Unlike Reykjavik, some cities don't coddle citizens in their idiosyncratic beliefs about nature. We hear New York mayor Rudolph Giuliani react (with vehemence) to a man who believes New Yorkers should have the right to keep ferrets in their homes.
There are 17 results for "Politics"
Host Ira Glass with former Congressman Daniel Rostenkowski. When Rostenkowski began a term in federal prison, he met for the first time people who'd been locked up under harsh drug laws that he'd voted for himself. "The whole thing's a sham," he declares.
We hear the history of why these drug laws were enacted from a firsthand witness. Eric Sterling was the lawyer in charge of drug laws for the House Judiciary Committee during the 1980s, when mandatory minimums were put in place.
Judges give their opinions of the drug sentencing laws. Terry Hatter is the Chief U.S.
Host Ira Glass describes the moment when black single mothers became a national political issue—and a national symbol. It was 1965, when a young Assistant Secretary of Labor named Daniel Patrick Moynihan issued a report calling for action on the issue of African-American single mothers, and black leaders, including the Rev.
One of the most powerful forces in a room can be the thing that is unspoken between people. Five writers—Scott Carrier, David Sedaris, Sarah Vowell, Brady Udall and Lan Samantha Chang—give us case examples: stories when they felt the presence of something unspoken.
Dave Eggers on what happens when politics suddenly becomes your family business. When his brother ran for office, he asked for Dave's help and support.
Host Ira Glass with an idealistic would-be politician in California. The puzzle of American politics is that our political system is filled with idealistic people, but few of our candidates for top office seem either idealistic or capable of inspiring passion.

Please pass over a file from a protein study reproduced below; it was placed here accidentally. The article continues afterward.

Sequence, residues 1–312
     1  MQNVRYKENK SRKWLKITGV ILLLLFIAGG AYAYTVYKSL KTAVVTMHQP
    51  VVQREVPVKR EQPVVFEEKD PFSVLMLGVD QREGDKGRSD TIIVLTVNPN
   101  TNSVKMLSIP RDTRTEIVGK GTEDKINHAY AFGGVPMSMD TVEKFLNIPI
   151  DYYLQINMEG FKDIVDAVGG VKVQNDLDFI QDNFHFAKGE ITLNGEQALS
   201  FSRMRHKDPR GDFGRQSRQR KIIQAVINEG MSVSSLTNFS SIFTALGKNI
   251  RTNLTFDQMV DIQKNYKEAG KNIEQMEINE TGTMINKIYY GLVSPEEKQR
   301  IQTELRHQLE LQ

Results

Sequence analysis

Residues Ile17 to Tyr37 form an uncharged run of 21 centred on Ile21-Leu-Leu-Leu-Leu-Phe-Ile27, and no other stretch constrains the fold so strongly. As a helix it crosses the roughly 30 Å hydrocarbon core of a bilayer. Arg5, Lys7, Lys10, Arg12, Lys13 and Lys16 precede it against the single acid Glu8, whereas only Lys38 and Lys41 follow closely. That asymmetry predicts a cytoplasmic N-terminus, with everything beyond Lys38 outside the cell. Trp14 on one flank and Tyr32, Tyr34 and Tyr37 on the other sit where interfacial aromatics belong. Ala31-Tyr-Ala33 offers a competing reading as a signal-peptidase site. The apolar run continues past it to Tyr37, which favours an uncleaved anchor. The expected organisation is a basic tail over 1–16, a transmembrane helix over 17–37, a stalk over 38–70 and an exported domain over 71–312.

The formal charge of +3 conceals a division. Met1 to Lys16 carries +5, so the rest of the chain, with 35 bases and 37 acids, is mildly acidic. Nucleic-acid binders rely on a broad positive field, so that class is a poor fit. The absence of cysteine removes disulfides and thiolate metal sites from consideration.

A campaign diary from writer Michael Lewis from four years ago, about a politician you've heard a lot about: John McCain...and the story of a moment when the opposite of normal politics became normal politics.
A Walter Mondale-voting, gay-rights-supporting unrepentant liberal signs up as a Republican party member—and ends up a party functionary—a delegate to the state Republican convention...where he wreaks havoc. Dan Savage tells the story.
How California Governor Pete Wilson's anti-immigrant policies found some supporters among immigrants themselves. We hear an explanation of the profoundly idealistic notion of "self-deportation" from its main proponent, Daniel D.
A few years back Alex Kotlowitz wrote a book called There Are No Children Here, about two boys growing up in Chicago's Henry Horner public housing projects. Those projects were across the street from the site of the 1996 Democratic Convention in Chicago, and when the convention came to town, money poured in for a makeover.
On the tenth anniversary of the crackdown at Tiananmen Square, we hear from Wen Huang, who was part of the student movement. He says that the students weren't fighting for democracy, at least not as it's been widely understood in the West.
More stories from Wen Huang that contradict what you think you know about the 1989 student uprising in China.
If part of the impulse behind the Tiananmen Square uprising was the pure desire to feel like life had possibility, that the future had potential...that impulse was behind another movement. This one among young people in Eastern Europe back before the Berlin Wall fell.
Modern-day fables of two different kinds of do-gooders during and after the 1994 genocide in the African country of Rwanda. Philip Gourevich, author of the book We Wish to Inform You That Tomorrow We Will be Killed With Our Families: Stories from Rwanda, tells first about international relief workers who served as "caterers" to some of the Hutu powers as they continued their policy of ethnic cleansing after fleeing to refugee camps.
This is a story of a father and son—told by the son, Juan Zaldivar, who was born in Cuba. Juan has spent the past four years shooting a movie about his father, to try to reassure him that he did the right thing to leave Cuba with his family in the 1980s and come to America.